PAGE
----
LBG results deliver a more strategic approach to CCI but impact measurement is still missing 


The results of the eleventh Annual LBG Benchmarking Report were unveiled at the 2016 LBG Conference in Melbourne on 15 November. 100 per cent of reporting members provided data on the outputs of their organisation’s community investment activity for the year which includes total beneficiaries, supported organisations, employees involved, leverage and foregone revenue.

Overall, we saw encouraging results including an increase in overall community investment contributions. In 2016, the total corporate community contribution by LBG members increased to over $236 million, an increase of $14 million from the 2015 figure. The financial services sector represents the largest contributor, a trend observed over the majority of reporting years. The largest majority of contributions were cash at 62%, followed by in-kind support at 15%.

There was a greater shift towards community investment away from charitable donations which indicates a maturity and more strategic approach from our members towards forming partnerships with charity organisations. 66% of members now contribute community investment followed by charitable donations at 21%, which has decreased by 4% from the previous year.

Social welfare causes and charities remains the dominant beneficiary of member contributions this year increasing from 26% in 2015 to 29% in 2016. Health initiatives also received a boost with the highest level of contributions in ten years at 25% of contributions made.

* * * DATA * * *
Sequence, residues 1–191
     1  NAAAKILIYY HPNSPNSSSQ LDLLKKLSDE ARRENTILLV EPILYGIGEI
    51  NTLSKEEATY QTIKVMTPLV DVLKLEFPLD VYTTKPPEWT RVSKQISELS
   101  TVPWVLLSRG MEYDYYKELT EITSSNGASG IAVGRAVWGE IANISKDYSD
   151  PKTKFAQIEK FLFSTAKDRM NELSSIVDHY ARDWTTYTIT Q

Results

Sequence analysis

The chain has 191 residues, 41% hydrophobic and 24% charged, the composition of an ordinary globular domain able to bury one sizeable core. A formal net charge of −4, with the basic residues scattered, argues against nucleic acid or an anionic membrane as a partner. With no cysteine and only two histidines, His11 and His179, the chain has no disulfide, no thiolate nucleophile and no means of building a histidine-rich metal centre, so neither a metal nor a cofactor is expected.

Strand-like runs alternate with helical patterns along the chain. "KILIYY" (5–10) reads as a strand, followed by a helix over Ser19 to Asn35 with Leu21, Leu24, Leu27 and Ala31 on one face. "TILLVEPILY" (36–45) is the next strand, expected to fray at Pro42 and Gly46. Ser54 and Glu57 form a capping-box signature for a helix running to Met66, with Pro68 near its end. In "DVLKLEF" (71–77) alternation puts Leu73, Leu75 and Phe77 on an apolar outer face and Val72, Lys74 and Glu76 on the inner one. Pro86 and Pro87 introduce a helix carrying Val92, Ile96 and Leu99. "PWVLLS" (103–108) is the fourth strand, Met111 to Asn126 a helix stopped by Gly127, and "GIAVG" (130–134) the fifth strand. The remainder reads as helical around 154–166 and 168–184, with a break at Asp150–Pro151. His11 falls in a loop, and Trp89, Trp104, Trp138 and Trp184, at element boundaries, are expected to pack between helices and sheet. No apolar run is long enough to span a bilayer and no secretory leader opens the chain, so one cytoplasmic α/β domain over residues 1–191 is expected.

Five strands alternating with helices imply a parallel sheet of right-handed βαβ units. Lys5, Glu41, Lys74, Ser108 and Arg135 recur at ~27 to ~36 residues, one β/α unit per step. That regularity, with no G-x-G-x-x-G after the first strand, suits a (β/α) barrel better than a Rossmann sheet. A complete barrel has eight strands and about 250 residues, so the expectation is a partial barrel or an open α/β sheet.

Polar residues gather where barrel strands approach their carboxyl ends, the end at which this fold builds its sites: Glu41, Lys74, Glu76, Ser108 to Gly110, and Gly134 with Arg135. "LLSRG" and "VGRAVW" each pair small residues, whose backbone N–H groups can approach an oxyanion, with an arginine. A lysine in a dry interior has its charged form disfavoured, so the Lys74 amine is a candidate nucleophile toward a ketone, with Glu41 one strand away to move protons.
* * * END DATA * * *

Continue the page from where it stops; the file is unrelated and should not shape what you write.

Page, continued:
We also saw the highest levels ever of members offering workplace giving opportunities within their organisations with 71% of members providing employee giving programs. Volunteering programs also remained steady with nearly 14 per cent of employees taking paid time off to volunteer with an average of 11 hours donated per employee. Encouragingly we also saw a shift towards skilled volunteering which is likely to be of greater benefit to charities.

However, despite more organisations offering workplace giving programs (and many choosing to match employee contributions), there was only a 4% take-up from employees which was down from 7% in 2015 and overall employees are giving less.

LBG Director Simon Robinson said, “It is encouraging that workplaces are offering workplace giving programs and in many instances matching donations, but it is clear from this result it is simply not enough to have a program. It must be invested in with a communications strategy to promote and engage staff. Only then can we truly reap the benefits.”

Also despite recognition of its importance, only 14% of members reported on impact data. LBG Manager Jennifer Saunders issued a challenge to all members at the conference by saying, “Impact data is able to tell us about behaviour change, new skills and quality of life for beneficiaries, as well as improved job related skills, services, management and business profile.”

“Impact data is what we need to showcase our CCI strategies to build a stronger case for our programs, and we want to see 100 per cent of members reporting impact data in 2017.”

This year, 41 LBG members from Australia and New Zealand reported their organisation’s community investment results including 37 who reported in both 2015/16.

The full Annual LBG Benchmarking Report is available here.